Kim Garwood
Kim Garwood

She’s the manager of writing services in the U of G library’s learning and curriculum support team. But when it comes to plain language, Kim Garwood is all about the reader, not the writer.

Plain language involves writing and presenting information in a way that readers can understand and use, says Garwood. She studied the topic for her PhD completed this past spring at the University of Waterloo.

An English BA grad from Guelph, she acknowledges a difference between plain language and, say, literary writing or language shared by members of a specific group.

But for most communications – including back-to-school writing for students, faculty and staff — there’s plenty of room to make writing more clear and comprehensible. Think about insurance documents or credit card agreements, she says. “It’s almost written as though they don’t expect you to read it.”

Often a consumer gives up on reading a document entirely, with all the “buyer-beware” risk that entails. One software company’s April Fool’s joke saw almost 90 per cent of customers agree to terms of service that included selling their souls to the company. “It’s a funny example, but the truth is, most of us are going on faith when it comes to these things.”

Use plain language in writing your essays, reports, proposals and even emails, says Garwood, and you will more likely gain your intended effect on your professor or TA, your research collaborator or your funding prospect. Besides improving understanding, clear communications can save time and money, she says.

That’s an incentive for any researcher hoping to see their work turned into a new product or service, policy or action. Students might not be aiming to save time or money, but plain language might help them understand their material better — and earn them higher grades on essays.

Often, Garwood and her colleagues see students trying too hard to impress their instructors. “Students think they need to write complicated, convoluted prose in order to appear to know what they’re talking about. A sign of understanding is explaining it so that someone else understands it.”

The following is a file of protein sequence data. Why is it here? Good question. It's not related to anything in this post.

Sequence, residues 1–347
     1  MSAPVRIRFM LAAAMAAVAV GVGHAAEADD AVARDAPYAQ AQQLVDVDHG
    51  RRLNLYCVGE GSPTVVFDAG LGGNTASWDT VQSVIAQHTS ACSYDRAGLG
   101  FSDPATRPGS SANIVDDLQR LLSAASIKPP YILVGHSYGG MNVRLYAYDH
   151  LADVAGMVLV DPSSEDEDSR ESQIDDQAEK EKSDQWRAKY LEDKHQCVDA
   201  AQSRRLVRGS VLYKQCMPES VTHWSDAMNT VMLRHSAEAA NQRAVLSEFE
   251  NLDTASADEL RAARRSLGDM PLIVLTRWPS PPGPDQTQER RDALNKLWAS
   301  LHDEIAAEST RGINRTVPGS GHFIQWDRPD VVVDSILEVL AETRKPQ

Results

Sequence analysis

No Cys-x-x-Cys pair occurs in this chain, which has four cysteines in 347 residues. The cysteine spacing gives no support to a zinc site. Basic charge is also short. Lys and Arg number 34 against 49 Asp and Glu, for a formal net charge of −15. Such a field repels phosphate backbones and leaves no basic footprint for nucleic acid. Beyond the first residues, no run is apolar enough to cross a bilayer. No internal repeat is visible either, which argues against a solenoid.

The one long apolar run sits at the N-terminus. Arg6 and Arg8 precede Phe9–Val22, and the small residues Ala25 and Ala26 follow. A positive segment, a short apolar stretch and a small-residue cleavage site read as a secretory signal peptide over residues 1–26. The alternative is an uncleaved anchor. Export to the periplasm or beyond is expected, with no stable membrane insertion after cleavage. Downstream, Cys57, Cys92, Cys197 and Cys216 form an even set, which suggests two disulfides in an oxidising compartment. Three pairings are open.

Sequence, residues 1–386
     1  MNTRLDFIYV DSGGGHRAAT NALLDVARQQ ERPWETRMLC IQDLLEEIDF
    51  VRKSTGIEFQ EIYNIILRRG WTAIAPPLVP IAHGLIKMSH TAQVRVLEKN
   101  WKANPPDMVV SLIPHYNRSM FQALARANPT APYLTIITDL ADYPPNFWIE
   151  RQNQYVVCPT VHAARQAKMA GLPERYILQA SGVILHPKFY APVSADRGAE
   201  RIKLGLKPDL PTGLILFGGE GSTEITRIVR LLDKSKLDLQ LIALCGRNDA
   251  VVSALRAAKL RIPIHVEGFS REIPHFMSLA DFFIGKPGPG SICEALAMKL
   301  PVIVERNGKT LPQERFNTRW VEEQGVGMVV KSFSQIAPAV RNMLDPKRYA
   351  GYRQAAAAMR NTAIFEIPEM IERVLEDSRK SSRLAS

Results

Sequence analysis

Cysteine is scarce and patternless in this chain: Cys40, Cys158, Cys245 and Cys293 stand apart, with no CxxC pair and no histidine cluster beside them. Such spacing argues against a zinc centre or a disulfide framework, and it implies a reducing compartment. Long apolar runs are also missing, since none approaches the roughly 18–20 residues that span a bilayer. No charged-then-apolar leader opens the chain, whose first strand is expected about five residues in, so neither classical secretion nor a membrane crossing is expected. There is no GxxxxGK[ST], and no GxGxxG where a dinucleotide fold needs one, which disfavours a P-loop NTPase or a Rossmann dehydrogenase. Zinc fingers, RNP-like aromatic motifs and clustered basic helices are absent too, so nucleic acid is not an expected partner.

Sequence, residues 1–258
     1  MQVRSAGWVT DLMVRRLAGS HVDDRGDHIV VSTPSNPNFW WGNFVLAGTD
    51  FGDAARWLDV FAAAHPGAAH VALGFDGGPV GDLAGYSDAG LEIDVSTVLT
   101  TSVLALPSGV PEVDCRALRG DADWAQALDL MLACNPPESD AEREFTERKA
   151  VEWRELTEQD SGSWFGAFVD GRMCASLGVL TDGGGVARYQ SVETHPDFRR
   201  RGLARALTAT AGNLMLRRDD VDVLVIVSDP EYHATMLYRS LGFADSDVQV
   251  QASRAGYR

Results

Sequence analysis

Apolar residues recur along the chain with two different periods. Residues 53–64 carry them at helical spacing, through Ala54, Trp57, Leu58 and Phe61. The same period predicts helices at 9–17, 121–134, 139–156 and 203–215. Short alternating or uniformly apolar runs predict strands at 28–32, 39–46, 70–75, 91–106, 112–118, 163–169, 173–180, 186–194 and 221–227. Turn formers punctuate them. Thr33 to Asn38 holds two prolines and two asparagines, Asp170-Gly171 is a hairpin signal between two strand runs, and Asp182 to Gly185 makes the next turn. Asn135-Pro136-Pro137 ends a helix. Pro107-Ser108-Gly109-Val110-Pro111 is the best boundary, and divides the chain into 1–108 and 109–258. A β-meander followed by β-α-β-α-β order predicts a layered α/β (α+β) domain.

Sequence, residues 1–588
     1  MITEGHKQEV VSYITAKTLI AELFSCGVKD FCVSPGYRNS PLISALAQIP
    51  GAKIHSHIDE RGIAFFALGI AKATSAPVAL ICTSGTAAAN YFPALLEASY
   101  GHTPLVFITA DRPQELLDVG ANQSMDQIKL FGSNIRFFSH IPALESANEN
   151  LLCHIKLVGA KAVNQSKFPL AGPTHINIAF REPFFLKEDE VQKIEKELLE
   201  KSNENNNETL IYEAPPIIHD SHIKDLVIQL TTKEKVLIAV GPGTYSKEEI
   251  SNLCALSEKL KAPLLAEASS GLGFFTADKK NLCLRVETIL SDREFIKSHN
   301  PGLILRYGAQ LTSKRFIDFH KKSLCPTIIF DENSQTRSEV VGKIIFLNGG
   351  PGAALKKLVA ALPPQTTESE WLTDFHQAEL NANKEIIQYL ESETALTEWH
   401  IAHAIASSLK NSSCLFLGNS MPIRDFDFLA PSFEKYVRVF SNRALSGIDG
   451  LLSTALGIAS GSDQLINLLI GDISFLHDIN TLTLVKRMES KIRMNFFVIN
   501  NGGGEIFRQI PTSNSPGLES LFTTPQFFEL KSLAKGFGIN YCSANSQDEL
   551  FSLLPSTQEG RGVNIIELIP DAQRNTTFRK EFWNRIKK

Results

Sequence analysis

Convoluted writing might even become a social justice issue if it prevents people from exercising legal or political rights, says Garwood. “It’s disempowering,” she says. “What’s frustrating for me is that readers don’t have a choice. It’s about more than just writing. It’s about making sure our language is a bridge, not a barrier.”

In 2010, United States President Barack Obama signed the Plain Writing Act requiring federal agencies to use clear information that the public can understand and use. Federal guidelines ( cover five broad subject areas: thinking about your audience; organizing your ideas; writing your document; writing for online readers; and testing your documents.

Plain language is less about strict rules and more about being conscious of your reader and what information they’re looking for. That lesson came out for Garwood in teaching English-as-a-second-language students who often stumble over idioms familiar to native-born speakers. “I realize how much language is turn of phrase or short-hand.”

Among her suggestions:

  • Know your audience. Think about your readers as individuals rather than a mass.
  • Ask someone to comment on your work before sharing it with your intended readers.
  • Organize your document. Does your writing flow from one idea to the next and help readers move from known to new information?
  • Be selective. Aim to convey two or three key messages rather than 10.
  • Get to the point. What’s this document for and what do you expect the reader to do with it?
  • Make one point at a time. Write short sentences that express a single idea.
  • Be direct. Use “I” and “you.”
  • Use action verbs. Avoid using bland verbs such as make, do, have and give. And avoid nouns ending in –ion, -ment, -ance and –ive.
  • Use familiar words. Instead of “commence,” say “begin” or “start.” Not “prior to” but “before.” Not “utilize” but “use.”
  • Use a word instead of a phrase. Instead of “a number of,” why not say “many”? Rather than “at this point in time,” write “now.” And replace “in order to” with “to.”

Rather than try to impress the reader, she says, “Try to empathize with them. What can you do as a writer to make it as easy as possible for them to understand and use this document?”

For online training in the topic, you can check the “Plain Train.” That project was led by Cheryl Stephens, co-founder of the Plain Language Association International.

Garwood also recommends the book Verbal Hygiene by Deborah Cameron.

Writing Services is located in the Learning Commons on the main floor of the McLaughlin Library. With four full-time staff, 10 graduate student writing assistants and 10 undergrad writing peers, the unit sees more than 7,000 students a year in individual consultations and workshops.